Colorado last week became the 15th state to adopt a red flag gun bill designed to take guns away from people who may pose a danger to themselves or others.
According to the Denver Post, here’s how the bill works: A family member, household member or member of law enforcement can petition a judge to have guns confiscated from someone perceived to be a threat for up to 14 days. During that two-week period, both the petitioner and gun owner will make the case for the guns being returned or remaining in the hands of authorities for up to 364 days. The bill passed the Colorado Legislature without a single Republican vote.
That such a bill found favor in Colorado isn’t a surprise. It’s a state that has suffered greatly at the hands of gunmen determined to cause mass casualties.
Saturday will mark the 20th anniversary of the Columbine massacre in Littleton, Colorado. And in 2012, a gunman killed 12 and injured 70 during a shooting at an Aurora, Colorado, movie theater. Democratic freshman state Rep. Tom Sullivan, whose son, Alex, died in the Aurora shooting, was among the sponsors of the new red flag bill.
The problem with the bill, however, is that like many liberal ideas, it sounds good, until you start taking a deeper look.
For starters, during the two-week period after a gun is initially confiscated, the burden to determine whether it should be returned is on the gun owner, not the petitioner. In other words, the gun owner is deemed a threat until he/she proves otherwise. It’s the exact opposite of how we conduct criminal trials in this country, where the burden of proof is on the prosecutor to prove a suspect guilty.
“When it comes to depriving someone of their rights, I think the burden ought to always be on the petitioner,” George Brauchler, a district attorney within the state, told a hearing in the Colorado House in February.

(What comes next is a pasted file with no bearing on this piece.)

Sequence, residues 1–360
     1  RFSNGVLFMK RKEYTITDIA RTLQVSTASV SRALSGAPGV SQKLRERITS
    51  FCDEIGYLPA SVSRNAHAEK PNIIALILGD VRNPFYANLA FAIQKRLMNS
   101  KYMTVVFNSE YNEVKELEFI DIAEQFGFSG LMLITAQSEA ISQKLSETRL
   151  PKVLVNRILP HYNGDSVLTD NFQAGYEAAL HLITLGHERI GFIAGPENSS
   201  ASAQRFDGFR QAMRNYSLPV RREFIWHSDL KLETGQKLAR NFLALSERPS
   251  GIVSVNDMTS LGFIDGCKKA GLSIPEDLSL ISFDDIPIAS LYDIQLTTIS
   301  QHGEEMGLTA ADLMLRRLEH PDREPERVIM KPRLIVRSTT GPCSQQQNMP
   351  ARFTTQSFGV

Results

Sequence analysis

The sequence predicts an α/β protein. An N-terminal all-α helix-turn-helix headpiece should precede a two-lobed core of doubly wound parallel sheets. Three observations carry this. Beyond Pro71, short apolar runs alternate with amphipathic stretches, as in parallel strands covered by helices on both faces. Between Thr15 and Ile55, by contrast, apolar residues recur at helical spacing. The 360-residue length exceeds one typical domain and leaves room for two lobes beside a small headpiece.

Brauchler isn’t the only Coloradan to have a problem with the bill. “A growing number of sheriffs have pledged not to enforce the law, and county commissioners are backing them in many cases,” the Post reports.
Said Weld County (Colorado) Sheriff Steve Reams about people who have a protection order issued against them, “I’m not interested in taking their guns into my office. Taking the gun away isn’t the solution. We’re taking an inanimate object away but not taking the person to treatment. In many cases, we could just be making the problem worse.”
Fox News reported Eagle County (Colorado) Sheriff James van Beek said on his Facebook page that the law treats accused gun owners like “criminals,” discourages individuals from seeking mental health treatment and ignores the reality that a “disturbed mind will not be deterred by removal of their guns. … We still have the danger of someone who may be unbalanced, now, angrier than before, and looking for another means … explosives, poisons, knives, car incidents of mowing down groups of unsuspecting innocent.”
The bill is a microcosm of why conservatives don’t trust liberals on the issue of guns. It follows the typical liberal line of thinking that guns are the problem and not the people who use them for wrongdoing. And putting the burden on lawful gun owners to prove they’re not a threat means it has the potential for all kinds of abuse.
Some gun control measures are, indeed, worthy of consideration. Some, like a national law requiring a criminal background check on firearms purchased at gun shows, make perfect sense. But as long as the left continues trying to shoot down the Second Amendment, many conservatives will, rightfully, refuse to give an inch on the subject. Nobody wants another Columbine or Aurora, but attempting to do away with a right many hold dear isn’t going to fix the problem.
Lew Gilliland is assistant editor of The Daily Home. Reach him at firstname.lastname@example.org.